Why Zoom calls are likely tiring you out, and how to fix it

February 24, 2021

Video conferencing has become a way of life, but there are psychological consequences of spending hours per day on video chat platforms. Stanford communication Professor Jeremy Bailenson, founding director of the Stanford Virtual Human Interaction Lab (VHIL), has studied prolonged video chats and identified some consequences of the practice that contribute to a feeling known as “Zoom fatigue.”

The term “Zooming” has become ubiquitous and a generic verb to replace videoconferencing. Virtual meetings or Zoom calls have skyrocketed, with hundreds of millions happening daily, as social distancing protocols have kept people apart physically during the pandemic.

Bailenson highlights how current implementations of videoconferencing technologies are exhausting people and suggests simple interface changes to implement. Moreover, he provides suggestions for consumers and organisations on how to leverage the current features of videoconferencing platforms to decrease fatigue.

According to Bailenson, there are four primary reasons why video chats fatigue humans:

1. Excessive amounts of close-up eye contact is highly intense and unnatural – in Zoom calls, everyone is looking at everyone, all the time. “Social anxiety of public speaking is one of the biggest phobias that exists in our population. When you’re standing up there and everybody’s staring at you, that’s a stressful experience.”

Another source of stress is that, depending on your monitor size and whether you’re using an external monitor, faces on videoconferencing calls can appear too large for comfort. When someone’s face is that close to ours in real life, our brains interpret it as an intense situation that is either going to lead to mating or to conflict. “What’s happening, in effect, is that you’re in this hyper-aroused state when you’re using Zoom for many, many hours.”

Bailenson recommends taking Zoom out of the full-screen option and reducing the size of the Zoom window relative to the monitor to minimise face size, and to use an external keyboard to allow an increase in the personal space bubble between oneself and others in the call.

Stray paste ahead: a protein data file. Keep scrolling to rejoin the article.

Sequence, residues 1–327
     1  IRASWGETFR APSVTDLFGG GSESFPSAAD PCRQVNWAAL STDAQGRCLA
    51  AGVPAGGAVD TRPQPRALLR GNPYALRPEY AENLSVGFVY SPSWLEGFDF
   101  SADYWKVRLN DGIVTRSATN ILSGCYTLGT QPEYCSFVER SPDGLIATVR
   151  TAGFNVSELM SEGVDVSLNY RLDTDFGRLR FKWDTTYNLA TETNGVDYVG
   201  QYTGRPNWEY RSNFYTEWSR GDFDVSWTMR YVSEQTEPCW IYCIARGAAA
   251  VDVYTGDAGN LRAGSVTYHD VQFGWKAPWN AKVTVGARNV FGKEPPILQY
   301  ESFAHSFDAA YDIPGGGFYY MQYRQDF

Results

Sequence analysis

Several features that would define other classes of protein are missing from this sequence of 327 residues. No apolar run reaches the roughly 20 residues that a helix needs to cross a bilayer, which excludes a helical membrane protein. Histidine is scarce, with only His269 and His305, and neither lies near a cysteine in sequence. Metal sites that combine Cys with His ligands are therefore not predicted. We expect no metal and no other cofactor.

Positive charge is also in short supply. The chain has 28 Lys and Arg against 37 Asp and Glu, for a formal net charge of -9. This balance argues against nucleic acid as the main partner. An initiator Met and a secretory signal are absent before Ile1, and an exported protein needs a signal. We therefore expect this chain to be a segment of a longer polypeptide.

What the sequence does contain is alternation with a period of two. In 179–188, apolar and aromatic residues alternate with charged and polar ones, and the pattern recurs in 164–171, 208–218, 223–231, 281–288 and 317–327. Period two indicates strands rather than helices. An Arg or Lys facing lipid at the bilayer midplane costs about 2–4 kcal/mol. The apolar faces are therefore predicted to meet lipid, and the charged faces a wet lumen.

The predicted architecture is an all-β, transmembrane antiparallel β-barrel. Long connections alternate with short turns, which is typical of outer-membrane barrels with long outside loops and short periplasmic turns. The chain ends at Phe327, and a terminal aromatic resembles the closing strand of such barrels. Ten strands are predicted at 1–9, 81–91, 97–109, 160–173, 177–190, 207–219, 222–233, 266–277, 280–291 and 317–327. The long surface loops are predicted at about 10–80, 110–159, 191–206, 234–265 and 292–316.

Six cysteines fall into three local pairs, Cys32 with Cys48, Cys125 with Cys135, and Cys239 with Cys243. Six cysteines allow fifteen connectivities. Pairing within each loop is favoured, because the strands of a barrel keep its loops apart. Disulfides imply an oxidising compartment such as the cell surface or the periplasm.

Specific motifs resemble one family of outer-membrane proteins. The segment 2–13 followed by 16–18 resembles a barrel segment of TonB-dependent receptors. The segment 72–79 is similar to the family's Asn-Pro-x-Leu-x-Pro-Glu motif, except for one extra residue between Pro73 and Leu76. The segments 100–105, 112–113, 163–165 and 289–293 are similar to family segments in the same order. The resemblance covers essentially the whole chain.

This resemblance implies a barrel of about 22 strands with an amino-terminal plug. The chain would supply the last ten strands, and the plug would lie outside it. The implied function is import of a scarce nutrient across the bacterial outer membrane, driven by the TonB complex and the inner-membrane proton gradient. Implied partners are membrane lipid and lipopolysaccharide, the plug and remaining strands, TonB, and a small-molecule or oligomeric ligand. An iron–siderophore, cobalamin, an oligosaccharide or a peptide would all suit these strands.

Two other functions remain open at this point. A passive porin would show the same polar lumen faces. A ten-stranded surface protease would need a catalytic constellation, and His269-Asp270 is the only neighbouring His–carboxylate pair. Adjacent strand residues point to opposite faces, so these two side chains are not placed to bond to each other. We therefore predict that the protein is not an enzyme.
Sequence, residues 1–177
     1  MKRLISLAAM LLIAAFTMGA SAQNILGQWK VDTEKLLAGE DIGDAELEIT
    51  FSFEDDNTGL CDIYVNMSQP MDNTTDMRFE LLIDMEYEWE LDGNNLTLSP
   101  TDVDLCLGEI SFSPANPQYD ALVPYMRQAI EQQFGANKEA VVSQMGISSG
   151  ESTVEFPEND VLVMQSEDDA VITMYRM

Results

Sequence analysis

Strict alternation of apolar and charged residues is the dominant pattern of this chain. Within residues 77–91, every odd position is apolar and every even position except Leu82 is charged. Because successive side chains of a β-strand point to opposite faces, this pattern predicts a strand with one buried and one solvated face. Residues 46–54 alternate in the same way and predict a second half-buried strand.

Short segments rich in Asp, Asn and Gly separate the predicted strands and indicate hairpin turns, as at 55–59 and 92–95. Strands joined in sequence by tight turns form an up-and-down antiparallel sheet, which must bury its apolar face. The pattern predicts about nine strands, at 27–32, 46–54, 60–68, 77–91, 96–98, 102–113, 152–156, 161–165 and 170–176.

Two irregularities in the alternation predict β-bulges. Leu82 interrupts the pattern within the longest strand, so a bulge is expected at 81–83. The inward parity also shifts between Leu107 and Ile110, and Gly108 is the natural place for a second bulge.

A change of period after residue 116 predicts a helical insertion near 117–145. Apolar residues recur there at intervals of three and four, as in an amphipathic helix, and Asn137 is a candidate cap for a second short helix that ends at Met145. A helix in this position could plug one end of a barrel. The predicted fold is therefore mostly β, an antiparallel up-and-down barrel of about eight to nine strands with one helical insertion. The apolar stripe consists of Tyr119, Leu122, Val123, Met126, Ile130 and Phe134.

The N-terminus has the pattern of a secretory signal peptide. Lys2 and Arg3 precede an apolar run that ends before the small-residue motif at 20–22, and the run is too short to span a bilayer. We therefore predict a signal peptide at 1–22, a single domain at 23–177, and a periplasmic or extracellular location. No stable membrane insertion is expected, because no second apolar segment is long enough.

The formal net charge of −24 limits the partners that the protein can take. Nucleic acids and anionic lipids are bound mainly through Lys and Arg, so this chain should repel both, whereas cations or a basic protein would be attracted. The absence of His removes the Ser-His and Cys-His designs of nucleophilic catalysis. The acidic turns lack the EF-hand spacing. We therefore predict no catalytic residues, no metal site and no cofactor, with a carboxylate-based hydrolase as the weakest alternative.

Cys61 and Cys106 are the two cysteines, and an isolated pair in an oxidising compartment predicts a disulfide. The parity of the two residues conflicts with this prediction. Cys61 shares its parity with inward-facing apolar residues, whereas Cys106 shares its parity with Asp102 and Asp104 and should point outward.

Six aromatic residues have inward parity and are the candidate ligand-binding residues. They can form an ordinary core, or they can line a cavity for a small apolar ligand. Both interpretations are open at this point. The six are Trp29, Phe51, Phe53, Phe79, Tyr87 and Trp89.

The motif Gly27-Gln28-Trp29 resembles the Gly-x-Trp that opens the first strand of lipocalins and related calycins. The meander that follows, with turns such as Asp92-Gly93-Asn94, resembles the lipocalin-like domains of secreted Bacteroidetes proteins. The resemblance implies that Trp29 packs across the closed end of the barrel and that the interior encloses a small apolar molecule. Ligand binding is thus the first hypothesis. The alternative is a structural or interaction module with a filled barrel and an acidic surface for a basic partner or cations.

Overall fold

2. Seeing yourself during video chats constantly in real-time is fatiguing – Bailenson cited studies showing that when you see a reflection of yourself, you are more critical of yourself, as there are negative emotional consequences to seeing yourself in a mirror. “Many of us are now seeing ourselves on video chats for many hours every day, which is taxing on us.”

Bailenson recommends that platforms change the default practice of beaming the video to both self and others, when it only needs to be sent to others. Users can also use the “hide self-view” button, which one can access by right-clicking their own photo, once they see their face is framed properly in the video.

3. Video chats dramatically reduce our usual mobility – with videoconferencing, most cameras have a set field of view, meaning a person has to generally stay in the same spot.

Bailenson suggests people think more about whether things like an external keyboard can help create distance or flexibility. For example, an external camera farther away from the screen will allow you to pace and doodle in virtual meetings just like we do in real ones. Turning one’s video off periodically during meetings should also be the ground rule to set for group calls, just to give oneself a brief nonverbal rest.

4. The cognitive load is much higher in video chats – in video chats, we have to work harder to send and receive signals such as gestures and nonverbal cues. “If you want to show someone that you are agreeing with them, you have to do an exaggerated nod or put your thumbs up. That adds cognitive load as you’re using mental calories in order to communicate.”

During long stretches of meetings, give yourself an “audio only” break. “This is not simply you turning off your camera to take a break from having to be nonverbally active, but also turning your body away from the screen,” Bailenson said, “so that for a few minutes you are not smothered with gestures that are perceptually realistic but socially meaningless.”

The public can also complete a questionnaire to see where they land on a Zoom Exhaustion & Fatigue Scale (ZEF) Scale recently developed by Stanford researchers, along with Bailenson, to help measure how much fatigue people are experiencing due to videoconferencing. The scale is a 15-item questionnaire, which is freely available, and has been tested now across five separate studies over the past year with over 500 participants. It asks questions about a person’s general fatigue, physical fatigue, social fatigue, emotional fatigue and motivational fatigue.

Jeff Hancock, founding director of the Stanford Social Media Lab said results from the scale can help change the technology so the stressors are reduced.

“When we first had elevators, we didn’t know whether we should stare at each other or not in that space,” Hancock explained. “We had to evolve ways to make it work for us. We’re in that era now with videoconferencing, and understanding the mechanisms will help us understand the optimal way to do things for different settings and different kinds of meetings.”

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